Concerning the storage of imaging data, both the T6s and the D5100 write their files to SDXC cards. Both cameras can use UHS-I cards, which provide for Ultra High Speed data transfer of up to 104 MB/s.
For some imaging applications, the extent to which a camera can communicate with its environment can be an important aspect in the camera decision process. The table below provides an overview of the connectivity of the Canon EOS Rebel T6s and Nikon D5100 and, in particular, the interfaces the cameras (and selected comparators) provide for accessory control and data transfer.
Mic / Speaker
|1.||Canon T6s||Y||stereo / mono||Y||-||mini||2.0||Y||Y||-|
|2.||Nikon D5100||Y||mono / mono||Y||-||mini||2.0||-||-||-|
|3.||Canon 77D||Y||stereo / mono||Y||-||mini||2.0||Y||Y||Y|
|4.||Canon T7i||Y||stereo / mono||Y||-||mini||2.0||Y||Y||Y|
|5.||Canon T6i||Y||stereo / mono||Y||-||mini||2.0||Y||Y||-|
|6.||Canon T5||Y||mono / mono||-||-||mini||2.0||-||-||-|
|7.||Canon T4i||Y||stereo / mono||Y||-||mini||2.0||-||-||-|
|8.||Canon T2i||Y||stereo / -||Y||-||mini||2.0||-||-||-|
|9.||Canon T1i||Y||mono / mono||-||-||mini||2.0||-||-||-|
|10.||Canon XSi||Y||- / -||-||-||mini||2.0||-||-||-|
|11.||Canon XTi||Y||- / -||-||-||-||2.0||-||-||-|
|12.||Canon XT||Y||- / -||-||-||-||2.0||-||-||-|
|13.||Nikon D5500||Y||stereo / mono||Y||-||mini||2.0||Y||-||-|
|14.||Nikon D5300||Y||stereo / mono||Y||-||mini||2.0||Y||-||-|
|15.||Nikon D5200||Y||stereo / mono||Y||-||mini||2.0||-||-||-|
|16.||Nikon D3100||Y||mono / mono||-||-||mini||2.0||-||-||-|
|17.||Nikon D5000||Y||mono / mono||-||-||mini||2.0||-||-||-|
It is notable that the T6s offers wifi support, while the D5100 does not. Wifi can be a very convenient means to transfer image data to an off-camera location.
Both the T6s and the D5100 have been discontinued, but can regularly be found used on ebay. The D5100 was replaced by the Nikon D5200, while the T6s was followed by the Canon 77D. Further information on the features and operation of the T6s and D5100 can be found, respectively, in the Canon T6s Manual (free pdf) or the online Nikon D5100 Manual.
So what is the bottom line? Is there a clear favorite between the Canon T6s and the Nikon D5100? Which camera is better? Below is a summary of the relative strengths of each of the two contestants.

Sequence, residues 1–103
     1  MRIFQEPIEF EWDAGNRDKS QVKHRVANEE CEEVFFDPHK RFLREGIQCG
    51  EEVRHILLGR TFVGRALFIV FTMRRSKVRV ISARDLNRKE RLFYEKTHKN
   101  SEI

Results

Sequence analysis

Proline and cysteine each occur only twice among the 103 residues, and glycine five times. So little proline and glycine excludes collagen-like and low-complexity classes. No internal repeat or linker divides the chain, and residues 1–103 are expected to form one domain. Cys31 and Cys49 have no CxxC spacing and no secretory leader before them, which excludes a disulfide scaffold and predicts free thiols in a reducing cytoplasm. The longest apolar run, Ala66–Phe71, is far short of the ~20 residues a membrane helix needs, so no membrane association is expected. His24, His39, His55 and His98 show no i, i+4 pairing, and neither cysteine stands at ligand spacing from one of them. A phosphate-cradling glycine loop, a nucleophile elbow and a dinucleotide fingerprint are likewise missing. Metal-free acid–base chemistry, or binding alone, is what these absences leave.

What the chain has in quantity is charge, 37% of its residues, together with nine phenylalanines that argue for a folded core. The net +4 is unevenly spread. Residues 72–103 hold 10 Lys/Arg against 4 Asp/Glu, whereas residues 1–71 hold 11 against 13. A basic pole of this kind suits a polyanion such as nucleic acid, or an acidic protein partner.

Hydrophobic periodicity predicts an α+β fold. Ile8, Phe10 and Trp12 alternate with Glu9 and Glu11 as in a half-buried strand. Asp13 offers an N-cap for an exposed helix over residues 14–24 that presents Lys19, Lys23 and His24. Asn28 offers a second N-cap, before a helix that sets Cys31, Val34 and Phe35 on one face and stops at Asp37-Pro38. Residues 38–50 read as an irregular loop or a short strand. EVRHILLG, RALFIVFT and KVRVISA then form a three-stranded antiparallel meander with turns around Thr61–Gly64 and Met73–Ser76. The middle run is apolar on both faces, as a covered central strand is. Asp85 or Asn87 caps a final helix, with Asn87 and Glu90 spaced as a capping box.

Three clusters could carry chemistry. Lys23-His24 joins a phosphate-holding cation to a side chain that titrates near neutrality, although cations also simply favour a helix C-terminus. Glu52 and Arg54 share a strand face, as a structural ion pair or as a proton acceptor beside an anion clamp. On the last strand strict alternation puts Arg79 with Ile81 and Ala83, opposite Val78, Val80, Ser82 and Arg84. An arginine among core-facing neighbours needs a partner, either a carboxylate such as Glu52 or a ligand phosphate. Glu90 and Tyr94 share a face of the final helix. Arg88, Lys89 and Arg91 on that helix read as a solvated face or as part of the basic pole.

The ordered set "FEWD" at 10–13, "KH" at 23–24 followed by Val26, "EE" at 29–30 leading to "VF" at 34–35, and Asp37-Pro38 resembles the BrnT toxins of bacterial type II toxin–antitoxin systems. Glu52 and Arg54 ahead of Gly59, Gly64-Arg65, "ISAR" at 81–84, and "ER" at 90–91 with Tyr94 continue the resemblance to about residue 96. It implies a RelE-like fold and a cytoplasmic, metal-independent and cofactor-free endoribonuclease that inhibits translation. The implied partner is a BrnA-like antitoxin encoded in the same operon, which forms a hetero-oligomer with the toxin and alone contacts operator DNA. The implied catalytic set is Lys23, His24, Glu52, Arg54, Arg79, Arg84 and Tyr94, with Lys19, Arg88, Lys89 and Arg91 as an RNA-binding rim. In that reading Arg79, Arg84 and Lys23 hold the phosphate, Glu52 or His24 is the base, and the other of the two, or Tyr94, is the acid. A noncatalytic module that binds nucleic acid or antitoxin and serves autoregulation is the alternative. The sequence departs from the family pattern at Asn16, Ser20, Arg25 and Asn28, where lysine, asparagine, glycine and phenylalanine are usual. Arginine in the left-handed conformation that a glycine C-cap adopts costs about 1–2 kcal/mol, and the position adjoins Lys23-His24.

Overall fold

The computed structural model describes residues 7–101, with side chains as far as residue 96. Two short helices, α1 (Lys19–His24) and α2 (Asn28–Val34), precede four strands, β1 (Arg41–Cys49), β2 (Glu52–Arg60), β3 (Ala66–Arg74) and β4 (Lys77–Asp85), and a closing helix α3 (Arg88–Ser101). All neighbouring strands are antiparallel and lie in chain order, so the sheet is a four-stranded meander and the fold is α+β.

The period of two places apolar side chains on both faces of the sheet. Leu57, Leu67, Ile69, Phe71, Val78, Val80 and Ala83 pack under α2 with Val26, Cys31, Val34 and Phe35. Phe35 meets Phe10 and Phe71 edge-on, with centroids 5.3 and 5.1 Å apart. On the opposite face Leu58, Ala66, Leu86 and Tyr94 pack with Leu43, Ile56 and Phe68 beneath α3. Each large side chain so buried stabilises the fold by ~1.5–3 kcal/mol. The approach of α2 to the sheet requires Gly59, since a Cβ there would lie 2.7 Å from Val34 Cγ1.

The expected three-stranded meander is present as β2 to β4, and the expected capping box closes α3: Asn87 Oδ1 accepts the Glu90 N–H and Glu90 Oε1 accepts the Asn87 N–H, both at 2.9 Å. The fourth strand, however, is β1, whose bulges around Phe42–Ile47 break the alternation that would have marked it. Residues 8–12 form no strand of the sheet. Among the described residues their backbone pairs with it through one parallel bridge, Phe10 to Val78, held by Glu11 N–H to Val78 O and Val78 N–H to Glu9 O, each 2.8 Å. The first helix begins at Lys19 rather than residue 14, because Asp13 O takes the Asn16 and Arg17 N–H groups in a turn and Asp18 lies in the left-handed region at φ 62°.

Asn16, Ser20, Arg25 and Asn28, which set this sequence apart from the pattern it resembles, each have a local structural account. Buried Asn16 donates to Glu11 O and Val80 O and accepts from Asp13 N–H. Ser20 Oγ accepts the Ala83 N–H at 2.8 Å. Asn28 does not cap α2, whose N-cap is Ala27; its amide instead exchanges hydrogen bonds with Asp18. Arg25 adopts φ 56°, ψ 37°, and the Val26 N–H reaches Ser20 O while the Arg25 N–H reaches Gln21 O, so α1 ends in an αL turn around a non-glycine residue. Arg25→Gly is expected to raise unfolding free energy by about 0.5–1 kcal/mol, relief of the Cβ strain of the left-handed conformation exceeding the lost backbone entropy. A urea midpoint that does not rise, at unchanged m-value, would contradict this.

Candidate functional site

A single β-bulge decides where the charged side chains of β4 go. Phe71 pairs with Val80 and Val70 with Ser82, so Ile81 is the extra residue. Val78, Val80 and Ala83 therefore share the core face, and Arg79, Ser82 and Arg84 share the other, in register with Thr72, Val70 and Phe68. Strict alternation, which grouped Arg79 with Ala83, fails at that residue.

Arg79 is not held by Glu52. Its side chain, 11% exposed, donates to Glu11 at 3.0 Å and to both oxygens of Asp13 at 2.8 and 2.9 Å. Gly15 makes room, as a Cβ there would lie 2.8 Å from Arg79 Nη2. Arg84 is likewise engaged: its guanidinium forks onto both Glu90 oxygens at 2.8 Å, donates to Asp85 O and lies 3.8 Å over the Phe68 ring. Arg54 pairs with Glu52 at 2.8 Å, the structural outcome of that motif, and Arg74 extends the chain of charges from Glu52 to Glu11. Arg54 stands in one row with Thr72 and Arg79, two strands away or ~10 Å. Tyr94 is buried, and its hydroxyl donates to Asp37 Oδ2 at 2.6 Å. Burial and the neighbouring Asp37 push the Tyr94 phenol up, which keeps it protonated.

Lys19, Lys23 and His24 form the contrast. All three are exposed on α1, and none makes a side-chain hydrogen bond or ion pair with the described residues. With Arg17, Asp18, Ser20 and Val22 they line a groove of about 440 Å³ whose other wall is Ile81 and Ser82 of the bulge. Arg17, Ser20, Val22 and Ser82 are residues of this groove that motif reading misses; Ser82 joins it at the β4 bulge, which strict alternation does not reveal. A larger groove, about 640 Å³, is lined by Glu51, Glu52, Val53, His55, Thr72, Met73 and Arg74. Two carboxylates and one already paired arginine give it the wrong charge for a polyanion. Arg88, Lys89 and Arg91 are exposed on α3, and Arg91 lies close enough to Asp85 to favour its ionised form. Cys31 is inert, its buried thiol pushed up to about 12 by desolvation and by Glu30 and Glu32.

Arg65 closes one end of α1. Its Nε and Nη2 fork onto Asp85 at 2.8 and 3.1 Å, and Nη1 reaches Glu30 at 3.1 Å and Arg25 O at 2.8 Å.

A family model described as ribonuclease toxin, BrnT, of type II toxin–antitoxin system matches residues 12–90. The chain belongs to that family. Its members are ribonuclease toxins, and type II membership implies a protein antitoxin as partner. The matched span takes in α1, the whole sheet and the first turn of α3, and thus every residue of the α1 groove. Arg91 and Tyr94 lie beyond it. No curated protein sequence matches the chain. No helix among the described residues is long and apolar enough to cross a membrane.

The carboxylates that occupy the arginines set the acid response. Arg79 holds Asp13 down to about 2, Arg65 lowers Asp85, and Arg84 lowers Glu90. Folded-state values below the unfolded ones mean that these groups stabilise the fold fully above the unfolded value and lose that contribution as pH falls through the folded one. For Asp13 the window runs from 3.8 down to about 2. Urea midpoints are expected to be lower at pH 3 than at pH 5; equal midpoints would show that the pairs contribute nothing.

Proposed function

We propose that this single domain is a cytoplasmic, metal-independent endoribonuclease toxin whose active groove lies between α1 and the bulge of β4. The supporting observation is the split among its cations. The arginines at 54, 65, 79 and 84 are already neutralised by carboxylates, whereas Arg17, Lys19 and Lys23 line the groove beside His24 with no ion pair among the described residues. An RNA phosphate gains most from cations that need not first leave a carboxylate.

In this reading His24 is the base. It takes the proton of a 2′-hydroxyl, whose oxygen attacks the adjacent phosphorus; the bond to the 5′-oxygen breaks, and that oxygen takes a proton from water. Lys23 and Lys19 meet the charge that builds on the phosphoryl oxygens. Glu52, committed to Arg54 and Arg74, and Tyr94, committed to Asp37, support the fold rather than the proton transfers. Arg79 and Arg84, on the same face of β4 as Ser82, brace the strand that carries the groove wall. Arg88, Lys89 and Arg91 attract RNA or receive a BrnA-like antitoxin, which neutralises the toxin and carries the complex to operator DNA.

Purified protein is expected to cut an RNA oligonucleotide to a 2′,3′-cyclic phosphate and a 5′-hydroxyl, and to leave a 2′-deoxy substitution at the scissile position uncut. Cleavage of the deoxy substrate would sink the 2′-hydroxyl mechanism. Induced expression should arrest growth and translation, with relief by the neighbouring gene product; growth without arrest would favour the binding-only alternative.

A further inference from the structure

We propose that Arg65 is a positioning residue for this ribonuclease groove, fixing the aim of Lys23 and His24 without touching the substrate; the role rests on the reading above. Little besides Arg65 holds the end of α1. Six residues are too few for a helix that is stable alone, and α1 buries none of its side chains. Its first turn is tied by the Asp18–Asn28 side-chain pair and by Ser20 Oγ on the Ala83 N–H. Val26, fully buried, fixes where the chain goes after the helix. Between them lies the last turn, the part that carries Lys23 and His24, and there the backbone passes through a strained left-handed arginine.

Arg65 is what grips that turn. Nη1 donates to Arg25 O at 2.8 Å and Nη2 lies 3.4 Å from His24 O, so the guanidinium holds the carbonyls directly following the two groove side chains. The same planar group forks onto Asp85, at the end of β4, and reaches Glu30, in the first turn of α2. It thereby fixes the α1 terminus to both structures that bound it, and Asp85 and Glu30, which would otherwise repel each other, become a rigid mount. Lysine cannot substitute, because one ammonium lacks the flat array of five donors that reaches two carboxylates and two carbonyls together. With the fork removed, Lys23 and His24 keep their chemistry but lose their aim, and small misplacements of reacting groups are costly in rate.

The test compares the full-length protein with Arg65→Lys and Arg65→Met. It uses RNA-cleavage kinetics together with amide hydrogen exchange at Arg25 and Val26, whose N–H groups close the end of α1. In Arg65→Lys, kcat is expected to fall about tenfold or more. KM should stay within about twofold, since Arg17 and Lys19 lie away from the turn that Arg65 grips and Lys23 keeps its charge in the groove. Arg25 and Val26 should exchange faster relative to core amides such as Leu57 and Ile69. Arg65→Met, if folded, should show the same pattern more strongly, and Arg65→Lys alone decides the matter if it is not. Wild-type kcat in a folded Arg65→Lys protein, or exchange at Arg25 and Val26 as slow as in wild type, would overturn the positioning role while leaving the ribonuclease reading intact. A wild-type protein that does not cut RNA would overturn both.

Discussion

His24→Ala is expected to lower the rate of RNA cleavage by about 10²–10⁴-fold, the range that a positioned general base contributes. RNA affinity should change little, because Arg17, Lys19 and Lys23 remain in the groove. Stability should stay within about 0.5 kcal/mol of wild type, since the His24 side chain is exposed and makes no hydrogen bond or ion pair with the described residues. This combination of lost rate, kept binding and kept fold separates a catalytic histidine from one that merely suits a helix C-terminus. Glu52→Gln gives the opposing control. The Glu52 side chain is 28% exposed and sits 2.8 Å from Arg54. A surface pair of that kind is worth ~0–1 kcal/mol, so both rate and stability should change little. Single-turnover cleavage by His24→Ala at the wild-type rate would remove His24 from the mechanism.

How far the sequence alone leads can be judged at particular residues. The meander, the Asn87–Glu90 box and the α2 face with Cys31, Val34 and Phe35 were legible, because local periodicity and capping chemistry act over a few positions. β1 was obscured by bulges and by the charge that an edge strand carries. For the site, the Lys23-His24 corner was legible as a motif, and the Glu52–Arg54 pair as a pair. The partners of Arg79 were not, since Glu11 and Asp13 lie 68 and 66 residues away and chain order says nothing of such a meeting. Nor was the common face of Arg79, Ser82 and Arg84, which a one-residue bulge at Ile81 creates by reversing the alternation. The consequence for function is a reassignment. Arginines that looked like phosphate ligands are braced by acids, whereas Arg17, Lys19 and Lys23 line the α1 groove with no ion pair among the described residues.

Reasons to prefer the Canon EOS Rebel T6s:
- More detail: Offers more megapixels (24 vs 16.1MP) with a 22% higher linear resolution.
- Better live-view autofocus: Features on-sensor phase-detection for more confident autofocus.
- Easier setting verification: Features an LCD display on top to control shooting parameters.
- More detailed LCD: Has a higher resolution rear screen (1040k vs 921k dots).
- Fewer buttons to press: Is equipped with a touch-sensitive rear screen to facilitate handling.
- Faster burst: Shoots at higher frequency (5 vs 4 flaps/sec) to capture the decisive moment.
- Easier file upload: Has wifi built in for automatic backup or image transfer to the web.
- Easier device pairing: Supports NFC for fast wireless image transfer over short distances.
- More affordable: Was introduced into a lower priced segment (13 percent cheaper at launch).
- More modern: Reflects 3 years and 10 months of technical progress since the D5100 launch.
Arguments in favor of the Nikon D5100:
- Better image quality: Scores markedly higher (10 points) in the DXO overall evaluation.
- More dynamic range: Captures a broader range of light and dark details (1.6 EV of extra DR).
- Better low-light sensitivity: Can shoot in dim conditions (0.4 stops ISO advantage).
- Easier time-lapse photography: Has an intervalometer built-in for low frequency shooting.
- Longer lasting: Gets more shots (660 versus 440) out of a single battery charge.
- More heavily discounted: Has been around for much longer (launched in April 2011).
If the count of relative strengths (bullet points above) is taken as a measure, the T6s is the clear winner of the match-up (10 : 6 points). However, the pertinence of the various camera strengths will differ across photographers, so that you might want to weigh individual camera traits according to their importance for your own imaging needs before making a camera decision. A professional wedding photographer will view the differences between cameras in a way that diverges from the perspective of a travel photog, and a person interested in cityscapes has distinct needs from a macro shooter. Hence, the decision which camera is best and worth buying is often a very personal one.
How about other alternatives? Do the specifications of the Canon T6s and the Nikon D5100 place the cameras among the top in their class? Find out in the latest Best DSLR Camera listing whether the two cameras rank among the cream of the crop.
In any case, while the comparison of the spec-sheets of cameras can offer a general idea of their imaging potential, it remains partial and cannot reveal, for example, the shooting experience and imaging performance when actually working with the T6s or the D5100. User reviews that are available, for instance, at amazon can sometimes shed light on these issues, but such feedback is all too often partial, inconsistent, and inaccurate.
This is where reviews by experts come in. The adjacent summary-table relays the overall verdicts of several of the most popular camera review sites (amateurphotographer [AP], cameralabs [CL], digitalcameraworld [DCW], dpreview [DPR], ephotozine [EPZ], photographyblog [PB]). As can be seen, the professional reviewers agree in many cases on the quality of different cameras, but sometimes their assessments diverge, reinforcing the earlier point that a camera decision is often a very personal choice.